“Sordid, sick and cesspool deep!” With a kind of perverse pride, the 1970 paperback edition of Tiny Alice trumpets quotes like this from those who denounce the author as well as those as “the most distinguished playwright in the history of American theatre.” For book-cover copy, this is a rare instance of truth-in-advertising. I have never met anyone who has only one feeling about Edward Albee.
To interview Albee, as I recently did, is to encounter an icon of American culture, and preparing turns out to be a little bit like approaching the Wizard of Oz. The person you meet at the end can’t help being dwarfed by the reputation that precedes him in the form of controversy and celebration, Pulitzer Prizes and bad reviews. Along that brick road paved with yellowed clippings and golden rules, I spoke to various people inside and outside the theatre world to gauge the temperature of their interest in the subject and test the tenor of their perceptions. I found virtually unanimous admiration for The Zoo Story, the taut two-hander that introduced the playwright to Off Broadway in 1960, and Who’s Afraid of Virginia Woolf?, that tsunami of marital discord which was first produced 30 years ago on Broadway, when Albee was 32 and practically overnight established a permanent place for him in the pantheon of American letters.
Different degrees of enthusiasm were expressed for The American Dream and The Death of Bessie Smith, early one-acts of Zoo Story vintage, and Tiny Alice and A Delicate Balance, the two major plays that immediately followed Virginia Woolf, and there was some residual fondness for Albee’s stage adaptation of Carson McCullers’s novel The Ballad of the Sad Cafe and the eccentric evening of theatre known as Box-Mao-Box, which briefly ran on Broadway in 1968. Beyond that landmark, I found an array of sentiments regarding what can only be called The Problem of Edward Albee—the stretch of his career that extends from, say, 1971 when All Over premiered on Broadway to, well, pretty much this minute.
In academia, for instance, a range of opinions prevail. One theatre professor in Washington sees Albee as a transitional figure, the American equivalent of Jean Anouilh—that is, someone whose work has historical value in that it combines the ideas of postwar existentialism with the techniques of boulevard drama. And she praises the work Albee has done as a mentor (his Edward Albee Foundation maintains an artists’ colony near his Long Island home in Montauk) before mentioning that in her modern drama survey course he has been dropped from the curriculum. A University of California professor considers Albee “safely categorized as a writer way past his important time,” his language “encrusted in layers of scar tissue.”
On the other hand, a drama instructor in Texas who has directed several of Albee’s plays delivers a passionate and persuasive defense of Seascape, a philosophical drama featuring two humans and two lizards which won the Pulitzer in 1975 but has rarely been produced since: “It’s a funny, truthful play about bigotry and making peace with the Other.” While intensely admiring Tiny Alice as “a parable about the nature of God and worship,” the same university professor admits that in production he “cut the hell out of the final speech, which makes the play mystifying in a way it needn’t be.”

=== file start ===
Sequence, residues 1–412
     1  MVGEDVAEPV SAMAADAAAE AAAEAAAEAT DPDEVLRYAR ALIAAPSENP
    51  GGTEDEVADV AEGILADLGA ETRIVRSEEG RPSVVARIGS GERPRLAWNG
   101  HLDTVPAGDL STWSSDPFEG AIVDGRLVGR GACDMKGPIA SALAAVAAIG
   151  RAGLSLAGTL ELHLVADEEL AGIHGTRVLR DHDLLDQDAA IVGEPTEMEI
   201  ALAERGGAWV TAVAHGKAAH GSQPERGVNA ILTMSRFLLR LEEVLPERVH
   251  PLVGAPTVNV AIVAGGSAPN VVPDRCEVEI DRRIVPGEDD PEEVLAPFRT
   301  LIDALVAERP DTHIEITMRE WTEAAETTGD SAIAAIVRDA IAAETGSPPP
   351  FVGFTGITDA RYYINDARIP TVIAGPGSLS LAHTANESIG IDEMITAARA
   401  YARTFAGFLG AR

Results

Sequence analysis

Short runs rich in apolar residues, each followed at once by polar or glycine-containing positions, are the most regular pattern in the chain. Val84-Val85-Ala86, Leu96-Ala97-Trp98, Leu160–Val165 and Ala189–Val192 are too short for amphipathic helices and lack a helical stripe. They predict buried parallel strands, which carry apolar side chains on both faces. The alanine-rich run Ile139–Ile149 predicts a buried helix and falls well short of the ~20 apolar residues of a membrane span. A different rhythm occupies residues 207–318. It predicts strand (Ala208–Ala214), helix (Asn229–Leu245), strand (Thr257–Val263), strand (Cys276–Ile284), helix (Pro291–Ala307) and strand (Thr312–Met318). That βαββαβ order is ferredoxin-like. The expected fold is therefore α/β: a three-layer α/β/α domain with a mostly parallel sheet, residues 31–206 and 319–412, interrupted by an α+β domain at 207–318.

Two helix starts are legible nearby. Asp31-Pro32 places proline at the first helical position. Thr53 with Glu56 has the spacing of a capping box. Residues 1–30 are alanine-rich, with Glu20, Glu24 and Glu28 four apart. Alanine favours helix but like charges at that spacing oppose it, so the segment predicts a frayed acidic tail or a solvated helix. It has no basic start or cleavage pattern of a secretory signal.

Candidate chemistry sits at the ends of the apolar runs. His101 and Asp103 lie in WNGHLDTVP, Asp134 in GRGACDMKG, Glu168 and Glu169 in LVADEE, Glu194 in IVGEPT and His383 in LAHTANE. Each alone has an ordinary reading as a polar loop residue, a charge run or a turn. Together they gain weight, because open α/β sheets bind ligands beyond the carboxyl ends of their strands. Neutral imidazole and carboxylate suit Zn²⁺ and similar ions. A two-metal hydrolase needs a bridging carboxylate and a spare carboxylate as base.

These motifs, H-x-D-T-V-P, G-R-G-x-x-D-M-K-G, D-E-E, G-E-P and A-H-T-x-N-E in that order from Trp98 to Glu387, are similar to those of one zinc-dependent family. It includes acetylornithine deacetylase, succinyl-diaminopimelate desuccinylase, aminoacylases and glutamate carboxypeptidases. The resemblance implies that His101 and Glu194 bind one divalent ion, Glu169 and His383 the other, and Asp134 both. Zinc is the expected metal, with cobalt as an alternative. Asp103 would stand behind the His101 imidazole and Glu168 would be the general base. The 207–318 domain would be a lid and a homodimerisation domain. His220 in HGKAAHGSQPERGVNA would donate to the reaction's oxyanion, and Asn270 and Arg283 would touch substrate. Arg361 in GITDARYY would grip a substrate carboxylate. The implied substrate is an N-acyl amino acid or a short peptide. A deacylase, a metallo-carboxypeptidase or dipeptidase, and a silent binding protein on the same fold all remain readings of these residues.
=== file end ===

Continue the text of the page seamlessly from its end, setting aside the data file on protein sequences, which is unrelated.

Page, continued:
Playwrights cite Albee’s generosity as a colleague (his defense, for instance, of younger writers as a member of the council of the Dramatists’ Guild) as well as his pomposity. One writer confides that he finds Albee’s plays “dry as dust,” while another finds it “outrageous” that Albee, like Arthur Miller, should have to look to European theatres to produce his new plays. Meanwhile, the press has its own evolving fascination with Albee. In the early years of his career, every detail of his comings and goings, his public statements and the furnishings of his home were reported in the papers with the slavish attention only accorded to genuine superstars. Over time, a sour and at times savage relationship has developed between Albee and the press. The sickening influence on American society of the media’s fixation on celebrities was the subject of Albee’s 1983 play The Man Who Had Three Arms, which was somewhat overzealously attacked by critics who defensively ignored the play’s truths and concentrated on its considerable disingenuousness. Few successful playwrights in recent memory have fallen so far from critical favor. Reviewing the 1981 Broadway adaptation of Lolita that Albee himself later called “the one really truly ugly theatre experience I have had,” Frank Rich wrote in The New York Times, “This playwright, who promised and delivered great things two decades ago, has in recent years abandoned his gifts. Now he’s…forsaken the humane impulse that is the minimal rock-bottom essential of art.” More than one article has suggested that Albee abandon playwriting and take up another career.